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Path calculation of 7-axes synchronous quasi-tangential laser manufacturing

  • Norbert AckerlEmail author
  • Maximilian Warhanek
  • Johannes Gysel
  • Konrad Wegener
ORIGINAL ARTICLE
  • 15 Downloads

Abstract

Quasi-tangential laser processing, also called laser turning, is increasingly applied for various applications. Specifically, its ability to generate complex geometries with small feature sizes at high precision and surface quality in hard, brittle, and electrically non-conductive materials is a key benefit. Due to the geometric flexibility, the process is well suited for prototyping in hard-to-machine materials such as ceramics, carbides, and super-abrasives. However, the lack of advanced software solutions for this novel process hitherto limited the exploitation of the potential. Here, we discuss a unique computer-aided manufacturing approach for synchronous 7-axes laser manufacturing with quasi-tangential strategies. This gives the peerless possibility to process arbitrary geometries, which cannot be manufactured with conventional techniques. A detailed description of the path calculation with derivation and procedures is given. The generated machine code is tested on a laser manufacturing setup consisting of five mechanical and two optical axes. Following, a processed cylindrical ceramic specimen with a continuously varying profile along a helical path is presented. The profile is constituted by a rectangular over half-spherical to a triangular groove with defined pitch on the helix. This demonstrator provides the validation of the presented CAM solution. Measurements of the produced specimen show high adherence with the target geometry and an average deviation below 10 μm.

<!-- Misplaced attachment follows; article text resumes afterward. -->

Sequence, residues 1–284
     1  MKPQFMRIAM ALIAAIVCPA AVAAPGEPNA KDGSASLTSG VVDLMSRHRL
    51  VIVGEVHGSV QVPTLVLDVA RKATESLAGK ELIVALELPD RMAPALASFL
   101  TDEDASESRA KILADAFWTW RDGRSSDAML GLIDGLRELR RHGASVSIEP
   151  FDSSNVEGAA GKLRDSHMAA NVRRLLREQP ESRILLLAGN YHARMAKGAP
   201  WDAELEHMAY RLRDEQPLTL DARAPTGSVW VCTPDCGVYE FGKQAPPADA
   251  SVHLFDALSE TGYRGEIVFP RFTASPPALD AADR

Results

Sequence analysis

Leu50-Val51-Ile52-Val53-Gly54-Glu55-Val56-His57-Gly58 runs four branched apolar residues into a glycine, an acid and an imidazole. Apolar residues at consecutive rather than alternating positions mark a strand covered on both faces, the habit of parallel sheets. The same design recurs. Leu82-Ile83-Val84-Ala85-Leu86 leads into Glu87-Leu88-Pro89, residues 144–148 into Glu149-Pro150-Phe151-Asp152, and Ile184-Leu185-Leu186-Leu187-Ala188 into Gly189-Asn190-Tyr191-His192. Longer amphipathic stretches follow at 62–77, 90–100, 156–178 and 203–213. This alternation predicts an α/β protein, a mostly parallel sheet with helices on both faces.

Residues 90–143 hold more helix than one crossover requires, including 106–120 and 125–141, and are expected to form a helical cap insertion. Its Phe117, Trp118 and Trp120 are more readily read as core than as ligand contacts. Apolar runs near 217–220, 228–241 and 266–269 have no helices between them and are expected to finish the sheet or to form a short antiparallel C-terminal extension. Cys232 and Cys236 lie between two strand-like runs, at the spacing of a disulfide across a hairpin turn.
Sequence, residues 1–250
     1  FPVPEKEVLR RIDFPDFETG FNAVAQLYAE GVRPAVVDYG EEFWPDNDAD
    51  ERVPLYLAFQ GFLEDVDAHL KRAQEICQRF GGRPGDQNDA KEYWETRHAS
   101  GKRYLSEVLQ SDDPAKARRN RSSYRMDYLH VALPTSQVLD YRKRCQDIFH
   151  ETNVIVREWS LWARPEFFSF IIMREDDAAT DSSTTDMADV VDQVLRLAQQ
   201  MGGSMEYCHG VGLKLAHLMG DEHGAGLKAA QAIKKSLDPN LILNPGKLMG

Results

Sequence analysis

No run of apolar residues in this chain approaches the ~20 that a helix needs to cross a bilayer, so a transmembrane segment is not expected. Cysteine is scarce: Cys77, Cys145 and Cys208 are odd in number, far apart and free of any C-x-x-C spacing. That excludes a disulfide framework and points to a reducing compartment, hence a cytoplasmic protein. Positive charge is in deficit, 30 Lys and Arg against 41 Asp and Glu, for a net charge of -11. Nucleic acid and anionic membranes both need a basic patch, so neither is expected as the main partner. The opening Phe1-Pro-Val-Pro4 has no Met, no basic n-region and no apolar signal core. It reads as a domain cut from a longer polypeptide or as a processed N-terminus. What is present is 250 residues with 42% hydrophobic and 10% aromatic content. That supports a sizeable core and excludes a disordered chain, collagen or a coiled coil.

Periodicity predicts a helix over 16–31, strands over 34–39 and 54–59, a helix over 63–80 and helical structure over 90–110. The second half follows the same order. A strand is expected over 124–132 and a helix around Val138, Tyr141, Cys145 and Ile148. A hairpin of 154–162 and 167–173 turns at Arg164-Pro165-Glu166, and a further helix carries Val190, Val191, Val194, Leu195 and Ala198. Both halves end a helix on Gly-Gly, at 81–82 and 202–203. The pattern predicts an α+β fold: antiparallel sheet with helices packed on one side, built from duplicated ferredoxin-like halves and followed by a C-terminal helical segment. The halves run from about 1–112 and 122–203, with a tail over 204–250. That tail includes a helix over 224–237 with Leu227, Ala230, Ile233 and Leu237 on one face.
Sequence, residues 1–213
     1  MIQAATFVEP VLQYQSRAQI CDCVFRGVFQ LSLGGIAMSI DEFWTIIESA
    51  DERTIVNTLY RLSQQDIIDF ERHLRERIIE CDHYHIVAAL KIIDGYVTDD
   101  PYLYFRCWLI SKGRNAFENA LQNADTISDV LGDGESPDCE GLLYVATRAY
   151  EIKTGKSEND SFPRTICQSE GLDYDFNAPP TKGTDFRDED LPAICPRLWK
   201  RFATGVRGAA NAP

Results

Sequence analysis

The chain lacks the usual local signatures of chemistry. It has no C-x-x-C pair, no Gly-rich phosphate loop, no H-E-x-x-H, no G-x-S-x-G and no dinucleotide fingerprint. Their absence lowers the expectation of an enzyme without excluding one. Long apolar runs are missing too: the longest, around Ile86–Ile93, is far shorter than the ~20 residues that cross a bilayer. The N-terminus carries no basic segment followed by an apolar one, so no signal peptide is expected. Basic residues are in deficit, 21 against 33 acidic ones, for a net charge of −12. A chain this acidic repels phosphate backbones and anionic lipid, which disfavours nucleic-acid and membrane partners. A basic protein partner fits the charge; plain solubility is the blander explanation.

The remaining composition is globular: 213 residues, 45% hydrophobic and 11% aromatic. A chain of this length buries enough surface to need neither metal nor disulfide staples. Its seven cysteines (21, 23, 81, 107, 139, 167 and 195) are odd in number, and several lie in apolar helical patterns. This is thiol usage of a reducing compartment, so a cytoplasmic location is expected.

Keywords

Laser turning Computer aided manufacturing Micro-machining Tangential processing Synchronized motion Path generation 

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Notes

Acknowledgments

Special thanks to Josquin Pfaff for steady help and discussion during the conception of the CAM toolbox. The opportunity to use the laser machining test bed at Dentalpoint AG is gratefully acknowledged.

Funding information

The study was supported by the Swiss National Fund (FuSSiT/169654) and the Commission of Technology and Innovation (18474.1).

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Copyright information

© Springer-Verlag London Ltd., part of Springer Nature 2019

Authors and Affiliations

  1. 1.Institute of Machine Tools and Manufacturing (IWF), ETH ZurichZurichSwitzerland

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